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AOL-Time Warner Merger Opponents Set to Air Concerns at FCC HearingAired July 27, 2000 - 1:06 p.m. ET
THIS IS A RUSH TRANSCRIPT. THIS COPY MAY NOT BE IN ITS FINAL FORM AND MAY BE UPDATED.
LOU WATERS, CNN ANCHOR: In Washington this hour, opponents of the Time Warner-America Online merger are arguing about their concerns. Critics say the $120 billion proposed deal could affect what we see when we tune in and log on. Time Warner, as you know, is the parent company of CNN.
And CNN national correspondent Bob Franken has more on the story.
BOB FRANKEN, CNN NATIONAL CORRESPONDENT (voice-over): What do you get when you cross a massive new-media company and a massive old- media company? Nobody knows exactly, but the competition believes that a huge AOL-Time Warner hybrid could squeeze them out.
PRESTON PADDEN, ABC-DISNEY: Our greatest fear is that a combined AOL-Time Warner will restrict consumer choice in ways that favor their own content and services.
FRANKEN: As the Federal Communications Commission considers the proposed AOL-Time Warner merger, the hearing is a battle of the corporate titans. The challenges are coming from the likes of Disney- ABC and NBC, owned by General Electric. Both have filed petitions before the FCC. They charge that AOL-Time Warner could concentrate too much power in too few hands and give preferential access to its own news and entertainment products on the vast, new combined cable/Internet network.
NBC and Disney-ABC want guarantees outside materials such as theirs will not be frozen out or shoved aside, and that consumers, as a result, will not be denied the widest possible selection of entertainment, technology, interactive shopping and news. AOL and Time Warner officials insist that couldn't happen.
STEVE CASE, CHMN. & CEO, AMERICA ONLINE: We provide access to everything. That's really what people are expecting if -- and it's, we think, the right thing to do in terms of building this medium. It's also the right thing to do in terms of building our business. If we were constraining choice, we would whither as a service.
FRANKEN: ABC's petition calls for the Time Warner cable systems to be split off from its divisions which provide programming for those systems. Other corporations demand agreements that include them as new, high-speed, high-capacity Internet technology develops.
The AOL-Time Warner executives have promised that their two companies would become one by autumn, but first they must successfully maneuver past FCC hearings and an FTC investigation into antitrust questions.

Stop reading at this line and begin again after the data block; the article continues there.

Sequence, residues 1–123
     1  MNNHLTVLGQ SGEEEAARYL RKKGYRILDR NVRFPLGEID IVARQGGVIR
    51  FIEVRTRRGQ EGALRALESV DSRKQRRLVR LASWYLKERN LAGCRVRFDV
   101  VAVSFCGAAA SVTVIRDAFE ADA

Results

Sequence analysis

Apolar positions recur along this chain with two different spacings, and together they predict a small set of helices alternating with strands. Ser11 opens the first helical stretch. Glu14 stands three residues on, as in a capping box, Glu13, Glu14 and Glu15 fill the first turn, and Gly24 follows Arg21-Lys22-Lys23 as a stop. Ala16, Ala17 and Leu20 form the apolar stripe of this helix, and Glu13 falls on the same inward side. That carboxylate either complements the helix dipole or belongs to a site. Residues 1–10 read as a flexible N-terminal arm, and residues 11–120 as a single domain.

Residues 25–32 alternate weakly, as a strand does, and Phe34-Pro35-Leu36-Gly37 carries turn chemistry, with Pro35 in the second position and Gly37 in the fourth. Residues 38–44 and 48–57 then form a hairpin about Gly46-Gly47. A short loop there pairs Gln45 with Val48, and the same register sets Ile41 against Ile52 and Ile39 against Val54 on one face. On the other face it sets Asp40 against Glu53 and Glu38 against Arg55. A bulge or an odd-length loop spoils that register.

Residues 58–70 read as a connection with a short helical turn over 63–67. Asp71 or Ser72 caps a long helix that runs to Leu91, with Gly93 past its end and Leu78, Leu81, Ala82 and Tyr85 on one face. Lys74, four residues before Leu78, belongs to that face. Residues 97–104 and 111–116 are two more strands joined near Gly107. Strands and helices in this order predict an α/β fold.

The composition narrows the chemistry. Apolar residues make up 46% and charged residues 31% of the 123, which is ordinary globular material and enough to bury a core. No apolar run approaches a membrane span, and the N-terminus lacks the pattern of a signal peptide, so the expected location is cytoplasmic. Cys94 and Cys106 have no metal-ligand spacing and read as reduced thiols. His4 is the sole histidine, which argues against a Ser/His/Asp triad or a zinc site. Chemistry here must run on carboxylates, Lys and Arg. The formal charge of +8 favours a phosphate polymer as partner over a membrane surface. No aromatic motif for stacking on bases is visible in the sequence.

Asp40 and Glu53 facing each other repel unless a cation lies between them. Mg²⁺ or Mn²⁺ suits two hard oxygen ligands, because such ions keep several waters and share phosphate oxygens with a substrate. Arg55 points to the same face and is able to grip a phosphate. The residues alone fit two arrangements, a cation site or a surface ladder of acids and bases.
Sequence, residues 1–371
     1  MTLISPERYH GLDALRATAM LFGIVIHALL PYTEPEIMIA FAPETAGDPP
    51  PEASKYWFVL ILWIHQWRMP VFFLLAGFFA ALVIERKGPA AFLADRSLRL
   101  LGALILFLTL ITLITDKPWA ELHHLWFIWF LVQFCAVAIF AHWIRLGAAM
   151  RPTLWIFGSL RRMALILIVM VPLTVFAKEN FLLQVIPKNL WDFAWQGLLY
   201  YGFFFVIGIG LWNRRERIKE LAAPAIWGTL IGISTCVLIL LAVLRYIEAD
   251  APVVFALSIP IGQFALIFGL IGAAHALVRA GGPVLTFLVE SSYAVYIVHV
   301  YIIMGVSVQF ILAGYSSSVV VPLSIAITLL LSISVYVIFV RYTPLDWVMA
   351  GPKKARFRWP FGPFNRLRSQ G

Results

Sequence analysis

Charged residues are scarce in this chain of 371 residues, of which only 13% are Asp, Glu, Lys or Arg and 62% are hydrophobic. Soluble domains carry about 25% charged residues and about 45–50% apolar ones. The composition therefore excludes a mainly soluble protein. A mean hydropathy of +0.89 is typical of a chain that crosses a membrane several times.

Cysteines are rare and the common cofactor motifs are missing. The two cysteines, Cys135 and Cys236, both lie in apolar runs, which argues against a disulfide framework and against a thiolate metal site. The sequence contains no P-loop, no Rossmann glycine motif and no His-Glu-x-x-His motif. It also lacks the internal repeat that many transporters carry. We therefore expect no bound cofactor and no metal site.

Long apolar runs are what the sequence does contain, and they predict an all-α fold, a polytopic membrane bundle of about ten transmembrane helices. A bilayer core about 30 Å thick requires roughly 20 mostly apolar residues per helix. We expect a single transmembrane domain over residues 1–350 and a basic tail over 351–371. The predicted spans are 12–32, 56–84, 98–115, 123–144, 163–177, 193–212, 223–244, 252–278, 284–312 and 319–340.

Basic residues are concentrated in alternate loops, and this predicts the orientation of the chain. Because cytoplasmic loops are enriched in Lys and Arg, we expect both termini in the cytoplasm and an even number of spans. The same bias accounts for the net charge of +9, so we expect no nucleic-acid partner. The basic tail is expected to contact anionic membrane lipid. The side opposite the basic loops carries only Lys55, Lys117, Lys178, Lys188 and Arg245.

FRANKEN: Those are just two of the efforts, Lou, to make sure that the vast world of new media have more than one ruler -- Lou.
WATERS: Bob, what practical guarantees are the networks looking for? Steve case has already told the Senate Judiciary Committee there'll be open access. Is the suggestion here that we need government regulation?
FRANKEN: Well, that's exactly the suggestion. What the people who are opposed to this merger are trying to do is not necessarily stop it, but have the government entities such as the FCC put conditions on it, restrictions -- binding restrictions, actually, as opposed to just commitments from the executives. In effect, they're saying they don't trust them to live up to those commitments.
WATERS: And there's a hard move by the Disney Corporation for one -- that's the parent company of ABC Television -- with producing a videotape which we understand has been circulating around up there. What can you tell us about that?
FRANKEN: Well, Disney has been very, very, very straightforward about its staunch opposition to all this. Of course, this fight broke out into the open during that battle over placing Disney or ABC channels on some of the Time Warner cable systems.
But Disney has put out a videotape that has been circulating the Hill, as you said, which raises the questions about whether AOL and Time Warner have any intention of providing access to the Time Warner- AOL systems when it's all complete. The stakes are very high. We're talking about interactive shopping, we're talking about placement of programs, et cetera, et cetera. The complaint is that at least AOL- Time Warner would give its many entities favored treatment. And that is the kind of issue that is being discussed today. And Disney has even gone to the point of coming out with that video, which is getting a lot of notice.
WATERS: All right, Bob Franken covering the FCC hearings which are about to get under way.
We'll keep you posted throughout the day of any developments.
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